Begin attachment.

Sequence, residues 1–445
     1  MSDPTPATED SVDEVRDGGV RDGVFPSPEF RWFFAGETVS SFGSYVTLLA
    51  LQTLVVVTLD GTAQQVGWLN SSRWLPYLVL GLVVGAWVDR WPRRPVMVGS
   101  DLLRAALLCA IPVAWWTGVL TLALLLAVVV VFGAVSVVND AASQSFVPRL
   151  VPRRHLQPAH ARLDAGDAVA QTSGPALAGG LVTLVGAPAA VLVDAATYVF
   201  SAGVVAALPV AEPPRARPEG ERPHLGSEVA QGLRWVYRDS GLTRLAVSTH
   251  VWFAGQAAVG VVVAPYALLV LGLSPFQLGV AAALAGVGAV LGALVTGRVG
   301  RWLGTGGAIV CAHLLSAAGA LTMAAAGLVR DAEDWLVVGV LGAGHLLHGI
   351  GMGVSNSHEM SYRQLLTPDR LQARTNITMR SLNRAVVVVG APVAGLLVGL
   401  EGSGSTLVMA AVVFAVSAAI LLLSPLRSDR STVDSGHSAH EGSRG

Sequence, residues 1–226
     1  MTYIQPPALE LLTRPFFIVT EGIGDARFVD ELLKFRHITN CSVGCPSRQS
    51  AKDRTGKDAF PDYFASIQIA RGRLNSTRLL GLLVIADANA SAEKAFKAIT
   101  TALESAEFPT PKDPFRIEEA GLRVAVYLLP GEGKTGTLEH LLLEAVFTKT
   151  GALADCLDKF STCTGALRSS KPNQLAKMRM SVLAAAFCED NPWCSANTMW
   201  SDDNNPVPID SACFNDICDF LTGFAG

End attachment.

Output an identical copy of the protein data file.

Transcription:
Sequence, residues 1–445
     1  MSDPTPATED SVDEVRDGGV RDGVFPSPEF RWFFAGETVS SFGSYVTLLA
    51  LQTLVVVTLD GTAQQVGWLN SSRWLPYLVL GLVVGAWVDR WPRRPVMVGS
   101  DLLRAALLCA IPVAWWTGVL TLALLLAVVV VFGAVSVVND AASQSFVPRL
   151  VPRRHLQPAH ARLDAGDAVA QTSGPALAGG LVTLVGAPAA VLVDAATYVF
   201  SAGVVAALPV AEPPRARPEG ERPHLGSEVA QGLRWVYRDS GLTRLAVSTH
   251  VWFAGQAAVG VVVAPYALLV LGLSPFQLGV AAALAGVGAV LGALVTGRVG
   301  RWLGTGGAIV CAHLLSAAGA LTMAAAGLVR DAEDWLVVGV LGAGHLLHGI
   351  GMGVSNSHEM SYRQLLTPDR LQARTNITMR SLNRAVVVVG APVAGLLVGL
   401  EGSGSTLVMA AVVFAVSAAI LLLSPLRSDR STVDSGHSAH EGSRG

Sequence, residues 1–226
     1  MTYIQPPALE LLTRPFFIVT EGIGDARFVD ELLKFRHITN CSVGCPSRQS
    51  AKDRTGKDAF PDYFASIQIA RGRLNSTRLL GLLVIADANA SAEKAFKAIT
   101  TALESAEFPT PKDPFRIEEA GLRVAVYLLP GEGKTGTLEH LLLEAVFTKT
   151  GALADCLDKF STCTGALRSS KPNQLAKMRM SVLAAAFCED NPWCSANTMW
   201  SDDNNPVPID SACFNDICDF LTGFAG